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Home > Archive: August, 2007

Archive for August, 2007

Self-Funded Superannuation Fund gets Funded

August 14th, 2007 at 03:33 am

We're in the last stages of transferring our retirement funds from our employer-sponsored fund (with BT) into the Self-Managed Superannuation Fund that we setup a few months ago. I mailed in the paperwork to BT at the start of last week and the funds had finally disappeared out of our BT accounts yesterday. Luckily that means that the withdrawal was probably processed on Friday using the unit pricing from COB on Thursday - that would mean that we just managed to escape the 4% drop in the Australian market that happened on 'Black Friday'.

So far only the funds from DWs BT account have appeared in our SMSF's bank account. As DW was closing her BT account the transfer was done electronically. I'm keeping a small amount of money in my BT account (enough to pay my life insurance premiums for a while) so I had to fill in a different withdrawal form which went to a different address at BT. The withdrawal appears to have been processed at the same time as DWs but will be sent via Cheque, so I probably won't receive the cheque until later in the week and have to deposit it into the ANZ bank account of our SMSF.

Some additional funds have also appeared in the SMSF bank account, so it looks like the compulsory SGL contributions from our employer are successfully being redirected into our SMSF. The amount doesn't reconcile with what I expected to be paid in for July, but I'll have to wait for the bank statement to try and work out exactly what has been paid in.

Once the cheque for my transfer has been processed I'll invest the entire balance of our SMSG in the Vanguard Lifestages High-Growth fund. The asset mix in this fund is broadly what we want, and by having the entire balance in this fund we'll save a lot on management fees.

The target asset allocation for the High-growth fund is:
4% Australian Fixed Interest
6% International Fixed Interest (hedged)
48% Australian Shares
29% International Shares
10% Property Securities
3% Emerging Market Shares

Vanguard in Australia charges 0.9% fee on the first $50,000 invested in any fund, 0.6% on the next $50,000 and then 0.3% on the balance above $100,000. This is a lot better than the 1.3% or more growth-oriented funds were charging in the BT scheme. In addition the BT fund admin fee was around 0.75% (even after a hefty employer-rebate). The SMSF in comparison will only pay eSuperFund $599pa plus another $150pa to the ATO. The total admin cost for our SMSF ($749pa) is therefore only 0.23% of our initial balance and will decrease over time as our SMSF balance accumulates. While we will be missing out on the dubious benefits of active fund management, I think the net saving of fees will exceed the typical outperformance of fund managers compared to the relevant indices.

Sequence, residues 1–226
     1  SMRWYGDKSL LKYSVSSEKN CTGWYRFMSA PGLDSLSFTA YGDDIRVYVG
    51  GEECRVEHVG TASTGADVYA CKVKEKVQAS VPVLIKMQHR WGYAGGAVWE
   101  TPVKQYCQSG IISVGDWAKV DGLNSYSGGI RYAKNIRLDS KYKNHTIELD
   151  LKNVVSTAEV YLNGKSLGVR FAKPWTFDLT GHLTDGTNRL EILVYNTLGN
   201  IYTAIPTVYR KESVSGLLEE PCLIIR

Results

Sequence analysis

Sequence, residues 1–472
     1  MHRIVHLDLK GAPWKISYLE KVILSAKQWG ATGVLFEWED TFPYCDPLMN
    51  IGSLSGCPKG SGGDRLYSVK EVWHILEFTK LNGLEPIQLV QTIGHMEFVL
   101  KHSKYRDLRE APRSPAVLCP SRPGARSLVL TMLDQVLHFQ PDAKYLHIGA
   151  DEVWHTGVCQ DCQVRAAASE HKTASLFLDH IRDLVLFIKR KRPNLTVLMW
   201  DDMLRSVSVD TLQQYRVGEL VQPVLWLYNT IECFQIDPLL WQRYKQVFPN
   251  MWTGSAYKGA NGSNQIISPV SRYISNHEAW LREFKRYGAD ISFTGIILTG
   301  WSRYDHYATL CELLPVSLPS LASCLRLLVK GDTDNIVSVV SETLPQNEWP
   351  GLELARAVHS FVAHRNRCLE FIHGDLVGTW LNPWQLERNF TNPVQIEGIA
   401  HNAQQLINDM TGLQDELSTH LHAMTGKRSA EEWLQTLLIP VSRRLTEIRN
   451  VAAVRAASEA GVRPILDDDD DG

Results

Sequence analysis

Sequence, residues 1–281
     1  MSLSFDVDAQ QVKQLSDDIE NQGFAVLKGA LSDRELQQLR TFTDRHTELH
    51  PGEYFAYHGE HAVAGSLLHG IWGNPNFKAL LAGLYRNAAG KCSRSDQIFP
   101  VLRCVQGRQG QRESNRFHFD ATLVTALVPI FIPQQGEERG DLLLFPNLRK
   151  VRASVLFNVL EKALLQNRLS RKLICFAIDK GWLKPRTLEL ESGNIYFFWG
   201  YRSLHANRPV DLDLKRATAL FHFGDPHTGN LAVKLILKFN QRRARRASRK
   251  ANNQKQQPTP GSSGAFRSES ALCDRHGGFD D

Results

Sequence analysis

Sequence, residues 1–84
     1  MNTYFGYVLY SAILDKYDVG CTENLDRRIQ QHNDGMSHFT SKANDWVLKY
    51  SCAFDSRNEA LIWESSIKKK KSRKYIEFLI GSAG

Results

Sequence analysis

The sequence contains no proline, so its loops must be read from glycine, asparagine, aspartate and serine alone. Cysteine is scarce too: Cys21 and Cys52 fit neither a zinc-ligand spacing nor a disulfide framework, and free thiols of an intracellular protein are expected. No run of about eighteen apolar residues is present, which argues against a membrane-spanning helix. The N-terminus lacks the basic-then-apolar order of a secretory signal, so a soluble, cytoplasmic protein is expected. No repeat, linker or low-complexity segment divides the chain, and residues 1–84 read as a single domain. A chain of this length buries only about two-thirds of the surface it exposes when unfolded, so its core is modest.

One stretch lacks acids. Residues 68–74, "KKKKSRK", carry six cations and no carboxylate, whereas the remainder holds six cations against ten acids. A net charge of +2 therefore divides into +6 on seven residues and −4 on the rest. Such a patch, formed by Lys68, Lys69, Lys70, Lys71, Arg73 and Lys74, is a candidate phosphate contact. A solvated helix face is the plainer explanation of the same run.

Copyright Enough Wealth 2007

Time to Buy Stocks?

August 12th, 2007 at 05:36 am

With the 4% drop in the Australian stock market on Friday the "correction" is now about 8%. While there could be further drops in the coming weeks, even if this is just a correction rather than the start of a bear market, I think it may be time to start looking at stocks to buy for DS2's portfolio. DS2 turns 1 next month and I'd like to buy him a couple of stocks to establish an investment portfolio - perhaps some CSL or COH. I'm looking for stocks that over the long term should have good growth prospects but don't pay out large dividends - getting too much "unearned income" results in punitive childrens tax rates.

Copyright Enough Wealth 2007

Virtual Stupidity

August 11th, 2007 at 08:50 am

Apparently the biggest "bank" in Second Life has frozen withdrawals and converted deposits into perpetual bonds that are trading at a steep discount to face value. The thought that avatars might be throwing themselves off virtual sky-scrapers in financial ruin would be funny, except that I'm sure that many people have spent lots of real hours accumulated Linden dollars with the expectation to eventually convert them into real USD. Where they ran into trouble was investing the Linden dollars with a virtual bank that was offering an interest rate equivalent to 44%pa. With the Linden:USD exchange rate fixed this was never going to be sustainable in the long term, and the recent "run" on the virtual bank was inevitable.

Copyright Enough Wealth 2007

How Closely Does my Portfolio track the All Ordinaries Index?

August 9th, 2007 at 03:09 am

The graph below shows how well my portfolio of around 30 Australian stocks has tracked the All Ordinaries Index since 1 June 2007. As you can see there is fairly strong correlation between my portfolio and the Index (red and blue lines respectively). The chart also shows the effect of gearing (via margin loans) to amplify gains and losses (green line).

Copyright Enough Wealth 2007

When Can You Retire: Case Study

August 8th, 2007 at 04:45 am

In response to my recent post about the effects of savings rate and ROI on the age at which you can retire and reasonably expect your retirement savings to last until age 85, Fern wrote a comment requesting a review of her situation as an real world example. As I'm not a financial planner I can't give personal advice, so instead I'll just look at a hypothetical situation using Fern's figures as a starting point and adding in a few extra assumptions.
Model Parameters:
Person "X"
CUrrent Age: 48
Current Retirement Account Balance: $289,133
PV of Other investments to fund retirement: $142,158